The bloggers' view: We're one quarter of the way through the PrepCom process already, so it's time to take initial stock of where the preparatory process is at. Overall, things have gone slightly better than expected given the process's requirement for consensus, with the (relatively few) States that do not wish to see an ATT at all, or at least not a treaty with any teeth, surprisingly weak in their interventions. While some States have remained fixed in their positions, some movement has been detected among what have been termed "the sceptics", such as Egypt, Iran, Pakistan, China and the Russian Federation. India, for example, seems a little more positive than they were previously.
The USA drew the first major line in the sand on Thursday (Day 4 of the PrepCom) announcing that they would block any attempt to draft a treaty that covered sporting or hunting weapons. This is slightly surprising, given that no one is suggesting that the treaty will regulate sale of weapons within a State, and will only seek to prevent transfer to those that misuse them. So if weapons are sold abroad so that people can go hunting, these transfers will in no way be impeded. Only if they are being used for major crimes, or diverted to unlawful recipients, would there be any impact.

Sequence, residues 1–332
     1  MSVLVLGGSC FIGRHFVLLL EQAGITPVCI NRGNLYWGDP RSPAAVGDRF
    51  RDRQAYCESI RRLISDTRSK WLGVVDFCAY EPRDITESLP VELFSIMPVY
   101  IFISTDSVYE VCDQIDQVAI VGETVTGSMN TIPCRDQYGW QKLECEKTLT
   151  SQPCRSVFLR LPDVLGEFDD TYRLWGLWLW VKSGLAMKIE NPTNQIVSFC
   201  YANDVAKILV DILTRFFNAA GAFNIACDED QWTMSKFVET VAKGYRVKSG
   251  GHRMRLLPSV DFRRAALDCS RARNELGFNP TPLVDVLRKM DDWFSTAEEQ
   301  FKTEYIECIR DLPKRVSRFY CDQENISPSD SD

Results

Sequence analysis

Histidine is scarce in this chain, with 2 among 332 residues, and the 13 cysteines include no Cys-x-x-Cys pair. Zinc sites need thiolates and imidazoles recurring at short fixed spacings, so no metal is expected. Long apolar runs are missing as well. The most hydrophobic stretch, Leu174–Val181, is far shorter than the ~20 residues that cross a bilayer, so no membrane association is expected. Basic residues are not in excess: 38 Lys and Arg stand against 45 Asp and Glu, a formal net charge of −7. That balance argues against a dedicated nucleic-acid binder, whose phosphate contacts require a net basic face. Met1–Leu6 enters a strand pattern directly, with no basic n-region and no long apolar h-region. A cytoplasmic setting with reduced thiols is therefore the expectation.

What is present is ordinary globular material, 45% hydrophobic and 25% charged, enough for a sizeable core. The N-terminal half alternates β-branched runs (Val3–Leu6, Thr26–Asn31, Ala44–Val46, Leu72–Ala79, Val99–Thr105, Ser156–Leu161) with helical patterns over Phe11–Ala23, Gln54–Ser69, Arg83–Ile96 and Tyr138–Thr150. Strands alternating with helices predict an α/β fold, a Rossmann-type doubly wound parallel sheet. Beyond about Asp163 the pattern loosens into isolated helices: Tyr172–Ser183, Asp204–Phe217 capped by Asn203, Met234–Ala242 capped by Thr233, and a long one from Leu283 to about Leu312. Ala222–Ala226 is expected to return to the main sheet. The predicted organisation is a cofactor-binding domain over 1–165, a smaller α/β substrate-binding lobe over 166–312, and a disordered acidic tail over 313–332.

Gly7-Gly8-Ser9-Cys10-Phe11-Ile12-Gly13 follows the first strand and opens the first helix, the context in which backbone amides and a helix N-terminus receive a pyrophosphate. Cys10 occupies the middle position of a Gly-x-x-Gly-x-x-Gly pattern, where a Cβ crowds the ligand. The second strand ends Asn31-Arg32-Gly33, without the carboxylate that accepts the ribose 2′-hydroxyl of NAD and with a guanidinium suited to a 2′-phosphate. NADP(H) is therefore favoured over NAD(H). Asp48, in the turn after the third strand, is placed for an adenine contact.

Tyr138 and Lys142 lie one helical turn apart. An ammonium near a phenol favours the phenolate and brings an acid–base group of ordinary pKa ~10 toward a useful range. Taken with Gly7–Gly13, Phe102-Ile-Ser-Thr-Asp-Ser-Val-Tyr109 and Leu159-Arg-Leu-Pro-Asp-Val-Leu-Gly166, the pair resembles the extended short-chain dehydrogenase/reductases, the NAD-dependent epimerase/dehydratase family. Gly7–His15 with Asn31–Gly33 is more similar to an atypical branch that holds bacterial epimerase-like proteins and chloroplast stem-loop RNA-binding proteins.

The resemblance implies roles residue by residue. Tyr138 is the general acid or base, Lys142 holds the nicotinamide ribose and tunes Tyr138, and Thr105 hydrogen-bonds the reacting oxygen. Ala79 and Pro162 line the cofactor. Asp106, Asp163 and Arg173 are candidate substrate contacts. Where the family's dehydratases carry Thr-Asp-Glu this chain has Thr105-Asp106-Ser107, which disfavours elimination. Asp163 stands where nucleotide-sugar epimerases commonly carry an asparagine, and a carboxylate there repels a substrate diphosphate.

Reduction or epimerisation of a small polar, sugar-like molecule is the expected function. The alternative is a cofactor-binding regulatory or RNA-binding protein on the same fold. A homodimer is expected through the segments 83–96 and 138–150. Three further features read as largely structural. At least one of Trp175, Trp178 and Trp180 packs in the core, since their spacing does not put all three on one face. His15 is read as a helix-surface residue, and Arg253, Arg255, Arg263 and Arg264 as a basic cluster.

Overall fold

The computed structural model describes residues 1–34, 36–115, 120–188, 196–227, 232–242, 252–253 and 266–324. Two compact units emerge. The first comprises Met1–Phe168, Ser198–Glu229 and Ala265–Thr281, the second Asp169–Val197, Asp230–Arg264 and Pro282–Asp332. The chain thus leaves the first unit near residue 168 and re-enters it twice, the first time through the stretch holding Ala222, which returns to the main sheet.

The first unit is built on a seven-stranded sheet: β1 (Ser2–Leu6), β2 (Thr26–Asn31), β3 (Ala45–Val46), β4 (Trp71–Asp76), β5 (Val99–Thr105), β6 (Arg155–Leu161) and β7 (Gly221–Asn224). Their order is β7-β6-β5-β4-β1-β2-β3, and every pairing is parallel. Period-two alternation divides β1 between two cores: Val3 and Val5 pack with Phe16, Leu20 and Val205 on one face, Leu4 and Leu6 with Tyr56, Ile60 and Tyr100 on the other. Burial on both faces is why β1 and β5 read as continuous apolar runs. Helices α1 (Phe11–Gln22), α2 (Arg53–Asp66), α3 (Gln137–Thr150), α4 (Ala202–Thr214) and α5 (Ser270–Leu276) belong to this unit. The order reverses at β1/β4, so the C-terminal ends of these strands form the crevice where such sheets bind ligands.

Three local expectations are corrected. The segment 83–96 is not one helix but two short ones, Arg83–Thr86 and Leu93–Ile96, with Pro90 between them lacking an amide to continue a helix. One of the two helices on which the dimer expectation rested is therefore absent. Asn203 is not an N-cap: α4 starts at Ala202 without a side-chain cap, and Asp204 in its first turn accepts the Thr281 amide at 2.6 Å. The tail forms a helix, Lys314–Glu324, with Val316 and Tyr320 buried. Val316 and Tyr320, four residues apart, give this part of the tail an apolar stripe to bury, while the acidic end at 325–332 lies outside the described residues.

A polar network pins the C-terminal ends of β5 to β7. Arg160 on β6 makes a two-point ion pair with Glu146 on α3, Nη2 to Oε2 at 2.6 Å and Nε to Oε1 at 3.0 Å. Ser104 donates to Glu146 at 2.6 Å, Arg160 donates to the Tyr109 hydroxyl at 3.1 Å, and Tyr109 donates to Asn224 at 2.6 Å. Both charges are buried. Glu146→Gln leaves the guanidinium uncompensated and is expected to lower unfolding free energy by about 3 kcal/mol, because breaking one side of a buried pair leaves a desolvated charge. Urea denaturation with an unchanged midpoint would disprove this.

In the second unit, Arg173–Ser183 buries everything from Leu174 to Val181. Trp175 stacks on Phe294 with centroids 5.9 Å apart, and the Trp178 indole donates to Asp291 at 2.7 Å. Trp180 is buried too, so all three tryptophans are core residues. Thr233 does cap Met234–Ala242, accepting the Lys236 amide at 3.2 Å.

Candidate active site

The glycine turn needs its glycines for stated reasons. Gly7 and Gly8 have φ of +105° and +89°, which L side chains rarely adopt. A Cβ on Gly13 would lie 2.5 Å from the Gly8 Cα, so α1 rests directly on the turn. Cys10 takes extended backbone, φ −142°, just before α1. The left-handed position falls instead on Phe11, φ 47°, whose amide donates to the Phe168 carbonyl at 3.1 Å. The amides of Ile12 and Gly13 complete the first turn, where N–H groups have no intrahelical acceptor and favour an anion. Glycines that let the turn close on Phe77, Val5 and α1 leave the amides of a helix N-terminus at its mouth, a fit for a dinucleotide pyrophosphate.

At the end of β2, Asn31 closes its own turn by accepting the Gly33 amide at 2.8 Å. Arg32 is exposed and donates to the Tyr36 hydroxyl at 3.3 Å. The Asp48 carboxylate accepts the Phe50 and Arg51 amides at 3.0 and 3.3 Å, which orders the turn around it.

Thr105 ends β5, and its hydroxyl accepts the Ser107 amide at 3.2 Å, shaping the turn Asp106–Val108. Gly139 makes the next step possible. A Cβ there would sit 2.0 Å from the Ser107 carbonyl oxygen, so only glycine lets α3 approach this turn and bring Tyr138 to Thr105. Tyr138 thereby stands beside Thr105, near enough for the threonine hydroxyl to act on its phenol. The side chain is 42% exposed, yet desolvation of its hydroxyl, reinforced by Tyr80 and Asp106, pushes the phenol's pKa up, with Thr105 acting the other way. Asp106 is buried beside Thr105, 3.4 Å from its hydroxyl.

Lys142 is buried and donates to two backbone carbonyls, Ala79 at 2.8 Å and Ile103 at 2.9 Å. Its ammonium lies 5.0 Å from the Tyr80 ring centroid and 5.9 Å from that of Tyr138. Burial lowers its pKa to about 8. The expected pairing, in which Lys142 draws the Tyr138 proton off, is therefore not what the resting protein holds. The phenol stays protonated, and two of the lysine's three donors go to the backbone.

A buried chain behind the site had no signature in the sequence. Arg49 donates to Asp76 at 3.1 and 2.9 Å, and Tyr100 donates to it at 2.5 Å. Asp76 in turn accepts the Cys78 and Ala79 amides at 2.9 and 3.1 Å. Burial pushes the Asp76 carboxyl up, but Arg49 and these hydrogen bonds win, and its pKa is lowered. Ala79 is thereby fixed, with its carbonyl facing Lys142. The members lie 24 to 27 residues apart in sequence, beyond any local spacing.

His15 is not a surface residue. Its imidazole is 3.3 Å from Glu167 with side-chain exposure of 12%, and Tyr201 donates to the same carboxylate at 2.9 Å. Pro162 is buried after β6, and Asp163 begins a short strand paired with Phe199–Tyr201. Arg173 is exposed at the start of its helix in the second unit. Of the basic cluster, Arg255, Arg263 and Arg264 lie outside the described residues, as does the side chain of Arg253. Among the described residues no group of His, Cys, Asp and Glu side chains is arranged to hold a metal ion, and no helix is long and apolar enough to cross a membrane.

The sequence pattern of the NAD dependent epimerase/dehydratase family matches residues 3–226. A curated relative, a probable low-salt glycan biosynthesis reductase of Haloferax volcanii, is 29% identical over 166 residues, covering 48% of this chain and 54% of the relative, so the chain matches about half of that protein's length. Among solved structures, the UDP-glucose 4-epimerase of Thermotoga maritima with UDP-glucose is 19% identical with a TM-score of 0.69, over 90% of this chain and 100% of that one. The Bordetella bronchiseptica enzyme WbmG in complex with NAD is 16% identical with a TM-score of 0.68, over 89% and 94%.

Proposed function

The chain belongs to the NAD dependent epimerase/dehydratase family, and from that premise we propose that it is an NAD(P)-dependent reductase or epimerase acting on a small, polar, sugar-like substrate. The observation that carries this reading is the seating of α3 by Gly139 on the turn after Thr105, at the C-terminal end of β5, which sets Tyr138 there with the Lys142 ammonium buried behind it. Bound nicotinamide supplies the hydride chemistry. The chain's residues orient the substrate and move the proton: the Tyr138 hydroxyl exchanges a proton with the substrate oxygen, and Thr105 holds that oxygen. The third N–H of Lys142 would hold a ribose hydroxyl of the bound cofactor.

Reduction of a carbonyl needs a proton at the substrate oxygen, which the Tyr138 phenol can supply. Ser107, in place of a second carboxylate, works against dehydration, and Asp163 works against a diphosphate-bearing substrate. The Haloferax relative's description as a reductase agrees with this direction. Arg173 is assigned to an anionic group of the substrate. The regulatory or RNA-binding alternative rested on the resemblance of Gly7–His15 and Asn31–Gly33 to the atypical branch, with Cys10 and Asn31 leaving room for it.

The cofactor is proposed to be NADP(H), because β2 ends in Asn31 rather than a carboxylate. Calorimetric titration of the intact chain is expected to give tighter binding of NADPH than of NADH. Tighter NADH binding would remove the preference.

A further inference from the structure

The NGOs were locked out of the room for two afternoons during the week and Friends of the Chair meetings will be mostly behind closed doors next week. It was good to see the campaign make a public response to this disappointing decision, as civil society mobilisation in favour of the treaty has otherwise been rather low key in this first week.
For next week, more framework text is expected from the Chair, maybe even a rolling text by the end of the week. We will continue developing draft text to input into the discussions. So, until Monday, have a good weekend wherever you are.